Though not strictly a “study skill,” wise money management certainly plays an important role in students’ ability to plan and provide for the expenses related to their college education.

This activity, drawn from the Instructor’s Manual for Joel English’s Plugged In: Succeeding as an Online Learner, can help students become more aware of their financial resources and responsibilities. Though these particular questions pertain to school-related expenditures, the awareness and experience that students gain by thinking about these issues today can prepare them for the types of decisions they’ll need to make once they graduate.

Personal Financial Summary

Too often, students get into a college program without a clear understanding about the costs associated with school and without knowing the terms of their grants, scholarships, and loans. Though students are provided an award letter and must formally accept any loans that they apply for, they often allow unanswered questions to linger and don’t fully understand the debt they may or may not be taking on. This assignment asks students to reflect upon the key elements of their personal student finance and, when they are unsure of an answer, asks them to contact the appropriate staff to find the answers. The student can be given these questions through the LMS dialog system or respond to them via word processing document. Feel free to add or change questions to this list to include any important information about the terms within your institution.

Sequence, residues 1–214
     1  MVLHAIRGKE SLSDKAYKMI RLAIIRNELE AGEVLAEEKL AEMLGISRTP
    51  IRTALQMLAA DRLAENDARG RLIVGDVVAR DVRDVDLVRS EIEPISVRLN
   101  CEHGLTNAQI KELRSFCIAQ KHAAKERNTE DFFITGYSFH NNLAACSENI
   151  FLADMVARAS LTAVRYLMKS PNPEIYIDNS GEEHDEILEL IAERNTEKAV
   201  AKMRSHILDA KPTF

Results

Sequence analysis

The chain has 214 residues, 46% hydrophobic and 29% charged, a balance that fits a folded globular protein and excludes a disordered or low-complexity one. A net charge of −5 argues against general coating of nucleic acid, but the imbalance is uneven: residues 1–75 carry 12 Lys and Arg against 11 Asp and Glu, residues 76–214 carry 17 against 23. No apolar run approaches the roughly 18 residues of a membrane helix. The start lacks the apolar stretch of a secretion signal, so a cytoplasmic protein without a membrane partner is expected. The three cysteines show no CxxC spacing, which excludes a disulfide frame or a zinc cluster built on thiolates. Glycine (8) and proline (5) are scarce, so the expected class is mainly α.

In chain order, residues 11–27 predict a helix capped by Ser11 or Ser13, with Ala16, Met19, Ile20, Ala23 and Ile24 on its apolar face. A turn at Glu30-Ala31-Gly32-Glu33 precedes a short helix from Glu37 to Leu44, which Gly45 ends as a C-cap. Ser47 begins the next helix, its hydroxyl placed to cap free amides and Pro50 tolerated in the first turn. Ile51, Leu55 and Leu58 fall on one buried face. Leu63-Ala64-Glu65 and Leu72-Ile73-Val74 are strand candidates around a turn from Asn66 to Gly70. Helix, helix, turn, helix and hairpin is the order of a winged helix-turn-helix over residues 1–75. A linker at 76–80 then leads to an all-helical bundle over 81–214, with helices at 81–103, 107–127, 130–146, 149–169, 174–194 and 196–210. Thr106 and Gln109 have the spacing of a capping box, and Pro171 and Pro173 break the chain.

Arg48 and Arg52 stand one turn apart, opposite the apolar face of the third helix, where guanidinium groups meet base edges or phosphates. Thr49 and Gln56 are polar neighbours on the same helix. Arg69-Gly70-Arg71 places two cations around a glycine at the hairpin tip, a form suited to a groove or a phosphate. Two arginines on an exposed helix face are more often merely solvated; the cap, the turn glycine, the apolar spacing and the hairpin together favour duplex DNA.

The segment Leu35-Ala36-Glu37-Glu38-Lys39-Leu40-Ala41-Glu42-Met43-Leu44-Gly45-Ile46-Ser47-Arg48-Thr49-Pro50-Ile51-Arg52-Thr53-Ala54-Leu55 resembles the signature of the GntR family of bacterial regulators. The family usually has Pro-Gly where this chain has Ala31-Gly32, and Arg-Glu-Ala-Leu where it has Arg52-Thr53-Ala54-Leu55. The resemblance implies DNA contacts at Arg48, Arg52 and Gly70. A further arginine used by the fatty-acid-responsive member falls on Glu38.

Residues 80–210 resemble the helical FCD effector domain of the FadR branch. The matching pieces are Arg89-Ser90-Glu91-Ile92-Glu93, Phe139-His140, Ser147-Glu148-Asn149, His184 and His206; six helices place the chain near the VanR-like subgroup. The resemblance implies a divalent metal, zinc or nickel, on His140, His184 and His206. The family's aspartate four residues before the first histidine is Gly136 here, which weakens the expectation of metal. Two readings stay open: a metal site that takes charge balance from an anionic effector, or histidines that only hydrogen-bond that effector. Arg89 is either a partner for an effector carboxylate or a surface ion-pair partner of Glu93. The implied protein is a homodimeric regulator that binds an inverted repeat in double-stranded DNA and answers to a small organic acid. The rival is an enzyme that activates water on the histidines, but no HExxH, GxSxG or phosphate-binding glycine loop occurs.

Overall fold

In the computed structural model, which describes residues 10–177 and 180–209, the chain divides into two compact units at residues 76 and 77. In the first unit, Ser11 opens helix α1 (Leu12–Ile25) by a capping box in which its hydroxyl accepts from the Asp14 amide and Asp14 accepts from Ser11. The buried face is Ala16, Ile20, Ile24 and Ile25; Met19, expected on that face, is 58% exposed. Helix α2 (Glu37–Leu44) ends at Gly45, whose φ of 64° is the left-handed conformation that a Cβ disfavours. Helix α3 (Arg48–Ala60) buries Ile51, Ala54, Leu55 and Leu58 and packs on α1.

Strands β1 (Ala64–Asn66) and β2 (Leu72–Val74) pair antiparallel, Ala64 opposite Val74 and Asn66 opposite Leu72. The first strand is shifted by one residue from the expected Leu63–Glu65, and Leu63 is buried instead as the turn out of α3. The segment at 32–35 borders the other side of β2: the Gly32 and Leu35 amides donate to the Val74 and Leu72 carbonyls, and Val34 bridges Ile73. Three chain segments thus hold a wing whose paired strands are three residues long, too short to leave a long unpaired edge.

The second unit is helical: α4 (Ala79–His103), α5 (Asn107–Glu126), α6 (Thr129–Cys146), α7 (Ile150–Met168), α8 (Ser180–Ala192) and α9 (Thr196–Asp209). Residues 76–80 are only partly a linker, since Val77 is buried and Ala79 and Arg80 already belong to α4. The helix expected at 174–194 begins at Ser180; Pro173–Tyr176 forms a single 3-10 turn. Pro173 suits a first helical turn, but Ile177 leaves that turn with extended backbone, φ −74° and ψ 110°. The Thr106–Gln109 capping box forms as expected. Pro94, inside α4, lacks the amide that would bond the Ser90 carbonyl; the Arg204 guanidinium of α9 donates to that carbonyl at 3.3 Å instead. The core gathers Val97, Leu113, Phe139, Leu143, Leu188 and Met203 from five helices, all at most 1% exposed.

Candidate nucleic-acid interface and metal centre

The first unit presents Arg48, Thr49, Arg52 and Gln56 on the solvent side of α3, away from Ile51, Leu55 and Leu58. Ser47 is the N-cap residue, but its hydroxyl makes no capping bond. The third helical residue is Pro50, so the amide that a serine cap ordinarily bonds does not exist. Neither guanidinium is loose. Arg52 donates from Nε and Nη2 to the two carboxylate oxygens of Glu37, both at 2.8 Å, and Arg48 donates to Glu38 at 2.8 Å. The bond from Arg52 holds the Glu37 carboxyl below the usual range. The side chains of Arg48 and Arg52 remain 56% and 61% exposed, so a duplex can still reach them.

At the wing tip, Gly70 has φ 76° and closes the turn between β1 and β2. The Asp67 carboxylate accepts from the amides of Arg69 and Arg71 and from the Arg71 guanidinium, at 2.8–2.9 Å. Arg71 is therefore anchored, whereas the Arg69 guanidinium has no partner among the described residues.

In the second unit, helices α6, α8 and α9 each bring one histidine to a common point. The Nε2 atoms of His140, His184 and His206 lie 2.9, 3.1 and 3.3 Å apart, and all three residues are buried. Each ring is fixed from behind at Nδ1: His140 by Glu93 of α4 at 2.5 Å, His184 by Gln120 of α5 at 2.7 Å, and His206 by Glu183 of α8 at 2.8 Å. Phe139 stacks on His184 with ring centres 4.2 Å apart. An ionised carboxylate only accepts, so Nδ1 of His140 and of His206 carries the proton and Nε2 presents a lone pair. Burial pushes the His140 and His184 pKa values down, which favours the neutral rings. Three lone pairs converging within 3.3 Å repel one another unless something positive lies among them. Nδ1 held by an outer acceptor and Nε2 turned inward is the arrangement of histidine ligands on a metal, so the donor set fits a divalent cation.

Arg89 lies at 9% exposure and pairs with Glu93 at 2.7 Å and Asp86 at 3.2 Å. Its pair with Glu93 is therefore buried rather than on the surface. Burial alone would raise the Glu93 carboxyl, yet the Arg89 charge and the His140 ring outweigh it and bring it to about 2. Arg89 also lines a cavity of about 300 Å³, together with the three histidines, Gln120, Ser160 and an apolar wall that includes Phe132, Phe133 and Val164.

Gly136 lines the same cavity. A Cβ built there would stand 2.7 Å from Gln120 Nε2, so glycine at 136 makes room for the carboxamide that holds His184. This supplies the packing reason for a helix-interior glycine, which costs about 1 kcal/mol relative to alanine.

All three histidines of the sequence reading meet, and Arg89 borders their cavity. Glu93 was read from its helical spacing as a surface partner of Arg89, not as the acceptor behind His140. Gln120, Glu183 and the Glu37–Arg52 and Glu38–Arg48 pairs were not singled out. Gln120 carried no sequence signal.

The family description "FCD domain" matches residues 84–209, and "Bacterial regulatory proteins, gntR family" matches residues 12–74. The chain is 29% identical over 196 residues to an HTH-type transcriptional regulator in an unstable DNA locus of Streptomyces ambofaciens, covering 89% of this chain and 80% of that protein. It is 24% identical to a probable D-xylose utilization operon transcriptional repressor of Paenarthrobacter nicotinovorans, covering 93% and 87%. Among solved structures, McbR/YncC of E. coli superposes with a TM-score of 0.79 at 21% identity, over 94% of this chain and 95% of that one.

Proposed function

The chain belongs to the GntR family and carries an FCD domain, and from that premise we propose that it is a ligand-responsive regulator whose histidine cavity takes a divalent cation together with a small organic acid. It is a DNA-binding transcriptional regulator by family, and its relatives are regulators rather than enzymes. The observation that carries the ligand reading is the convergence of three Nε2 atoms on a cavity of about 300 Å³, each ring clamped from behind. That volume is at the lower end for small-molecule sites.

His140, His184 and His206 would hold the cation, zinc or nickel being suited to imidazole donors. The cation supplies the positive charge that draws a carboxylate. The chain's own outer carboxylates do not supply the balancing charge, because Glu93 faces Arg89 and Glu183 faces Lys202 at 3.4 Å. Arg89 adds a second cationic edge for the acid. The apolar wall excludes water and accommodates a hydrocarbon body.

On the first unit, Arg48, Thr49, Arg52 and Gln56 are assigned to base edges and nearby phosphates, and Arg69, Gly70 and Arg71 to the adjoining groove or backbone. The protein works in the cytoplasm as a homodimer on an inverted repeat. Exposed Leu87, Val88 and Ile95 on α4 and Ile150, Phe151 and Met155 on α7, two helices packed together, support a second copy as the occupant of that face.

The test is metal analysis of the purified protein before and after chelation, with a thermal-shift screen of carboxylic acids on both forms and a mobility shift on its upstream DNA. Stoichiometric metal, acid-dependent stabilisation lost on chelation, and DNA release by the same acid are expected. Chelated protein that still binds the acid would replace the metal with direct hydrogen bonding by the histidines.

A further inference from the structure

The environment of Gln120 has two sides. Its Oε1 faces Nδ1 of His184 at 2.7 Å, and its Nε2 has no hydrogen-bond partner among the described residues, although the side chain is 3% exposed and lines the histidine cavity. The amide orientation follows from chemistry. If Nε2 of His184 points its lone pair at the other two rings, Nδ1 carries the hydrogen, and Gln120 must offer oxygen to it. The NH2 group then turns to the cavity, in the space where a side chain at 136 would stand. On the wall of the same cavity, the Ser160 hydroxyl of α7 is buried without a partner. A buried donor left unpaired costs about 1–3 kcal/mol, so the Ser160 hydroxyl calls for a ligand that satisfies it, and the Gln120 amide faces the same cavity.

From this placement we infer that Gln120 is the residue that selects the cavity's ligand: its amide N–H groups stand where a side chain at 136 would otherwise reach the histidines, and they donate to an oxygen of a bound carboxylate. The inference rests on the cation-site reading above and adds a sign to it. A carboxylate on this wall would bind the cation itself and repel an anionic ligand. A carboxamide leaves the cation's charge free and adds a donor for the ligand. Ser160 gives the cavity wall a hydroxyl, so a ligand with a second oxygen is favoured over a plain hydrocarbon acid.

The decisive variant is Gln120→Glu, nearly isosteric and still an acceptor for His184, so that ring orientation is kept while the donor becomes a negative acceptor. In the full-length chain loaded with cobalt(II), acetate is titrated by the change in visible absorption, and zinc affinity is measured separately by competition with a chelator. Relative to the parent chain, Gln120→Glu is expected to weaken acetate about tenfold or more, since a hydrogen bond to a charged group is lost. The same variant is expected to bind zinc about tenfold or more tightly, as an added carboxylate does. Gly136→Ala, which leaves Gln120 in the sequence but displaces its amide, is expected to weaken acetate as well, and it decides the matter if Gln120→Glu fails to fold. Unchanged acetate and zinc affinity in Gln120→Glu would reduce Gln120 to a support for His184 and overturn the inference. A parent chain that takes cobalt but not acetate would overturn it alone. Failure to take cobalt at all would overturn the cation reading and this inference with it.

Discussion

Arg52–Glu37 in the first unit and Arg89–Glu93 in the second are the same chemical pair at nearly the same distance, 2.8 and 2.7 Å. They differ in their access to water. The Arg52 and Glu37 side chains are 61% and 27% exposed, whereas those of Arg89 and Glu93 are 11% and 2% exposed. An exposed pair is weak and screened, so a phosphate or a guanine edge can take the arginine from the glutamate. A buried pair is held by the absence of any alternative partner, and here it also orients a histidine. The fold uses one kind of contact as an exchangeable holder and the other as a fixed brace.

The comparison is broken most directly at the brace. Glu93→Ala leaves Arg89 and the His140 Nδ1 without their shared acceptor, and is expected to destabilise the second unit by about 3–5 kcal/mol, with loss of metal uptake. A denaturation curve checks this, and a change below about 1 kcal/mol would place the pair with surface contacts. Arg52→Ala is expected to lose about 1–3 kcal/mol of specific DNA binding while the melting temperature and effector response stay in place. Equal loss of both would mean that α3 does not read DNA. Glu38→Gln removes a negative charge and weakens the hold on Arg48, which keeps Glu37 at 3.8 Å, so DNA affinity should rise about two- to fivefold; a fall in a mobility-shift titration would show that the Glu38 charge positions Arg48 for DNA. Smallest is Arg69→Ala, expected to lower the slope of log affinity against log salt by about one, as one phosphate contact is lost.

Writing Prompt:
1. What is the full cost for tuition, fees, books, and supplies for one academic year of your education?
2. How many academic years will your education last?
3. What is the full cost for tuition, fees, and books for your entire education?
4. About how much money in student loans have you borrowed so far for your education?
5. About how much “free money” in the form of grants and scholarships have you been awarded for your education?
6. After your education is completed or discontinues, about how long will it be before you have to begin repaying your loans?
7. About how much are you required to pay the institution while you are active in your institution?
8. How burdensome do you believe it will be to maintain your in-school payments while you are active within your institution? (pp. 60-61)

Reference: English, Joel A. Instructor’s Manual for Plugged In: Succeeding as an Online Learner. 2014. Boston, MA: Wadsworth, Cengage Learning.

Do you address money management with your students? If so, how do you cover these topics in your course? Share your ideas below.